Those who work hard to achieve success as an executive usually expect to enjoy a few perquisites or perks. At one time, companies lured executive talent to the fold with the promise of luxurious employment perks. Today, these perks are a bit less grand and somewhat harder to come by in most situations.
Executives should negotiate for job perks instead of assuming they have carte blanche to enjoy company privileges and property. This approach keeps employees and employers on the same page and reduces the risk of employment disputes.
Here are some perks many 21st-century executives are requesting in their employment contracts.
A sabbatical allows you to pursue a specific purpose (write a book, explore theology, etc.), often while receiving pay and benefits. Another difference is that sabbaticals can last weeks or months longer than a vacation, enabling you to recharge and bring fresh energy back to your workplace.
Business attire is expensive. If projecting a professional appearance is part of your work requirements, maybe your boss will foot the bill for your wardrobe. Many new executives are asking for and getting a wardrobe allowance during their contract negotiations.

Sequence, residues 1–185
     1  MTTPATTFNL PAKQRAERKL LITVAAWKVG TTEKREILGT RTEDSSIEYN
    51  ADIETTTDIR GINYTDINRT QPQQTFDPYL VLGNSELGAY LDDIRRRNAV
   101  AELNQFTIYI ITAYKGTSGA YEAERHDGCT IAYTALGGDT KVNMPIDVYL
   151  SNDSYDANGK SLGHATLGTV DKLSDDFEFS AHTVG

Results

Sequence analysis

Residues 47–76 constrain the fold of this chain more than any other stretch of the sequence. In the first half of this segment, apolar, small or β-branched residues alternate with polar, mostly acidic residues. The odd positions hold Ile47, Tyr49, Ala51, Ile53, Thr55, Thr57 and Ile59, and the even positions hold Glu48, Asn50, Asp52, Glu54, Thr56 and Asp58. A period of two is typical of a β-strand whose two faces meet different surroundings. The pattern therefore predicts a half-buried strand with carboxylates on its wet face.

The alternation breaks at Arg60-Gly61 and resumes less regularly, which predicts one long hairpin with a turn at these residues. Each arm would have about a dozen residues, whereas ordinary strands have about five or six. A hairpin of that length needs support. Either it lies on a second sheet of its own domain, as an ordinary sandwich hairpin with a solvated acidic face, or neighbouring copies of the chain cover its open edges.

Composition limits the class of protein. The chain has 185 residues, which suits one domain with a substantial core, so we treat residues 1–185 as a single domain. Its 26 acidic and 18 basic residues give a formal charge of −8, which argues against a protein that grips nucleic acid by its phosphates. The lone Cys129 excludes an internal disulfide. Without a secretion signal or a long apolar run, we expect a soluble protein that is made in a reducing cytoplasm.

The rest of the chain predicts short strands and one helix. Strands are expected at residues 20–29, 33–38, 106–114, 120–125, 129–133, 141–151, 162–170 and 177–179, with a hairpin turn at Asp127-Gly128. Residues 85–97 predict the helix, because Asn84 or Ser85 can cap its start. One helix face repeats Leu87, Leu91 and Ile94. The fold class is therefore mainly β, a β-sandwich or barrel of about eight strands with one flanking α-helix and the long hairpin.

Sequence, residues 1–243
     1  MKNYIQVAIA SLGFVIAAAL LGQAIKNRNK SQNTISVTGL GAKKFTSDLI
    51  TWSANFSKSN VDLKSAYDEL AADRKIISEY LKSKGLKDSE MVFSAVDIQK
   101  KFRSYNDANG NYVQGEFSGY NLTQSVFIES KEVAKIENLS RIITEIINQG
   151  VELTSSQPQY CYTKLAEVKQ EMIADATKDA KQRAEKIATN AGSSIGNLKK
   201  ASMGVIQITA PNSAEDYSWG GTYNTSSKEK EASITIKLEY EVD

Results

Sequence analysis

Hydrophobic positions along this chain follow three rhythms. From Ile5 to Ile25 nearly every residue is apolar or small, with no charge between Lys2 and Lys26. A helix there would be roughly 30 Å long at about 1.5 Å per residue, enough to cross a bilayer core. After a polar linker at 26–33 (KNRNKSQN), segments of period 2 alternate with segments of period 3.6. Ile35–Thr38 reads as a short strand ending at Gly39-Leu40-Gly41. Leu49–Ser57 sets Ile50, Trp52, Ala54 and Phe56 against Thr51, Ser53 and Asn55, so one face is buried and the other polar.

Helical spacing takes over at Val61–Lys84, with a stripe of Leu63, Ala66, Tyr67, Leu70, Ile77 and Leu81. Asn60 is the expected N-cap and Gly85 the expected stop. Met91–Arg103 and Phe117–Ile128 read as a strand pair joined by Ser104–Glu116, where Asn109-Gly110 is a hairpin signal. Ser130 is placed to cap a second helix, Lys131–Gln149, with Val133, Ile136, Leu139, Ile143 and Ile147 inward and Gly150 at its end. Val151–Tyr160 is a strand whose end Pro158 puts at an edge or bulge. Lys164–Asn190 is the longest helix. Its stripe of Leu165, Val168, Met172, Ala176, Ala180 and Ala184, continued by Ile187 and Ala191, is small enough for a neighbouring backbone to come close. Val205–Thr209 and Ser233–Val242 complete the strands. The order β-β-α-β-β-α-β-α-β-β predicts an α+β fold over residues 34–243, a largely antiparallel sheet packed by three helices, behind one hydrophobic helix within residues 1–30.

Does your boss expect you to wine and dine potential clients? Why should you have to pay for the entertainment of corporate associates? Company golf clubs and other memberships can allow you to please your employer and gain access to recreation and entertainment at no cost.
Executive perks should not replace critical components like severance pay or stock options. When successfully negotiated, these perks could be yours on top of your other benefits without leading to a dispute with your boss.
Someone knowledgeable about employment trends and laws may give you an edge when negotiating your next executive contract.